Abbey Simon may be one of the most admirable practitioners of piano-playing on the concert stage today. But as he has proved--at least to one listener--a number of times over, to make a list of his virtues is not necessarily to love his playing.
At his most recent Southern California visit, Tuesday night in that wonderful, old, acoustically reassuring auditorium at Chapman College in downtown Orange, Simon again showed the virtuosity, musicianship, sense of proportion and good taste that have long made him a paragon. He may not have caused hearts to swell, but he certainly displayed an abundant expertise at the keyboard.
And at programming. To begin with Beethoven's oft-neglected, petite G-major Sonata, Opus 14, No. 2, was a charming idea, handsomely realized in a pristine--though hardly delicate--reading full of clever details. To end with three excerpts from Ravel's "Miroirs" was just good, old-fashioned showmanship, beautifully executed--the best part of the evening.
Strong music fell between. Three of Mendelssohn's Songs Without Words--familiar ones in E, F-sharp minor and C--tended to be blunt of statement, but otherwise direct and undistorted.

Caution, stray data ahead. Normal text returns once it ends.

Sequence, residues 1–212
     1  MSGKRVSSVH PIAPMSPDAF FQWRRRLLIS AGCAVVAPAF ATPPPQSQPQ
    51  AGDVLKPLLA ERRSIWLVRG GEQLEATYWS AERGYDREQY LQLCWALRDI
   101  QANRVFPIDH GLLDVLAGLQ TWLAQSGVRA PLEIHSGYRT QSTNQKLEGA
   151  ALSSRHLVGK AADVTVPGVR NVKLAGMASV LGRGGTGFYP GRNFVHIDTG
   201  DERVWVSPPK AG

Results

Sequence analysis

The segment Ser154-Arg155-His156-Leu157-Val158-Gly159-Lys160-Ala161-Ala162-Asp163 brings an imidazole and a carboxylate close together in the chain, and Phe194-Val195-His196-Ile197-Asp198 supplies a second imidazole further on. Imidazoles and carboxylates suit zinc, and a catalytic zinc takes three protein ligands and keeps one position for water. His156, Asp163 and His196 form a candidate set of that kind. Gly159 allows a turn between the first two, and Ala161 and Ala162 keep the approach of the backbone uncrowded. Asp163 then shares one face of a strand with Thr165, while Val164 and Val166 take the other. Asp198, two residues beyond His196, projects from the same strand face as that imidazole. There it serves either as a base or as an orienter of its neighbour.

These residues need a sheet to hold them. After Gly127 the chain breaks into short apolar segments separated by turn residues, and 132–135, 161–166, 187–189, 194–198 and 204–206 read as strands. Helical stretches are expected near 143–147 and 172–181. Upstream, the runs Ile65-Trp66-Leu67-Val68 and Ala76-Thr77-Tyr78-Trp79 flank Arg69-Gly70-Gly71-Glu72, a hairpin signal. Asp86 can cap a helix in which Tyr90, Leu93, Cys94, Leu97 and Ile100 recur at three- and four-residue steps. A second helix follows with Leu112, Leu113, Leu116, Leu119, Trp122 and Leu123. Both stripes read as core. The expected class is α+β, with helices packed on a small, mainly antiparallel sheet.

Chopin's B-flat-minor Sonata proved appropriately large-scale, stylish, well-spoken, architectonically irreproachable--but why did the Scherzo seem to go on forever? And where was the eeriness, the sense of foreboding, the pianissimo, in the finale?
What seemed to be missing in Rachmaninoff's curio, the Opus 42 Variations on a Theme of Corelli, was a sense of fun, of anachronisms defeated, laughed to scorn, even. Without a sense of humor, the piece becomes a series of epigrams in a hybrid harmonic style, and the listener wonders why the composer--and performer--bothered. It ought to go without saying that Simon played it with unflappable authority.
Four encores were tendered:A "Poeme" by Scriabin; Rachmaninoff's G-sharp-minor Prelude; a transcription by Rachmaninoff of Kreisler's "Liebesleid," and Abram Chasins' transcription of Gluck's "Dance of the Happy Spirits."